This blog entry is inspired by Leo King, independent journalist, who recently asked three questions and interviewed me for an article in The Times, 21 January, “Building a First-Class Procurement Function.” These are my notes in preparation for the interview, with a few additions and corrected grammar for this publication.
A recent discussion with procurement consultant, Bill Young, caused us to reflect on the use of ‘supply positioning’ as a model for developing strategies to add value through procurement. We considered the possibility of positioning procurement projects rather than purchase items or supply categories. I concluded that this application had potential but also had practical difficulties. The use of supply positioning by Procurement, without the engagement of other stakeholders, is dangerous. As supply positioning is often misapplied, I thought I might share my thoughts here. Continue reading
Recently I commented on a LinkedIn discussion, “Presently I am looking to devise a simple classification structure for my supply base – something that will allow my suppliers/providers to know where they presently stand from an engagement/expectation perspective and that shows them what they can work towards…. Does anyone have examples of such structures that they can share?”
My reply (edited): Continue reading
Today, on seeing @HarvardBiz’s tweet, “We respect leaders more when they don’t need co-pilots,” I was compelled to read the corresponding article in Harvard Business Review, “Why Command-and-Control Leadership Is Here to Stay.” The article comments on the Vroom-Yetton model of leadership, which identifies five different decision-making styles, ranging from autocratic to consultative to group-based decisions. I found the tweet and headline provocative (although the article rather less so). Continue reading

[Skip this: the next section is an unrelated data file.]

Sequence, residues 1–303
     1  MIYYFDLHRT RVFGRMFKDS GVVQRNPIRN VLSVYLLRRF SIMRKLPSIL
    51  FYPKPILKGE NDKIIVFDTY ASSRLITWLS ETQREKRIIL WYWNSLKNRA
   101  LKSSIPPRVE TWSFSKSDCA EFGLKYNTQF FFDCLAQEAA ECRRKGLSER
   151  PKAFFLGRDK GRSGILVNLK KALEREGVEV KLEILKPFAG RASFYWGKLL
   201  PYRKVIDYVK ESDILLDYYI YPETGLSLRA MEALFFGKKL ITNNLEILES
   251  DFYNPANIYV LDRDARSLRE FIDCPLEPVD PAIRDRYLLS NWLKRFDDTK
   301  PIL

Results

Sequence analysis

Infographic illustrating degrees of stakeholder engagement and the significance of leadership style, type of change, and required co-operation or collaboration.
The concept of Cost to Serve has been around for many years (to my knowledge at least 20) and is an important tool in consumer packaged goods industries. Cost to Serve is a method of identifying profitability of individual products and customers. It is also used to unravel the complexity of multiple supply chains and channels to market. The analysis of the cost of each activity across the supply chain also provides data and insights to enable supply chain optimisation.
The focus of Cost to Serve is usually the in-market or post-launch costs of serving a product to a customer. Cost to Serve rarely looks at the development and launch costs of new products, which is the focus of this article. Yet product development teams can gain benefit from Cost to Serve methodology. Continue reading
A recent post in Purchasing Insight, “What can game theory teach us about Financial Supply Chain Management?” highlights the overall financial impact of paying suppliers as late as possible. The key point is that the working capital cost to supplier usually far outweighs the savings to the customer, thereby increasing the overall cost to the supply chain. The post got me thinking about a much bigger issue: how businesses manage their supply chains – a cross-functional collaboration or a collection of functional silos? Continue reading
Following up on some recent tweets on employee motivation and engagement, I was reacquainted with Gleicher’s Formula for Change, published by Beckhard and Harris (also known as Beckhard and Harris’s Change Equation). Although I agreed with the formula when I first saw it several years ago, I rather dismissed it as a statement of the obvious. On reflection, it is a more powerful tool in change management than I first gave it credit. Continue reading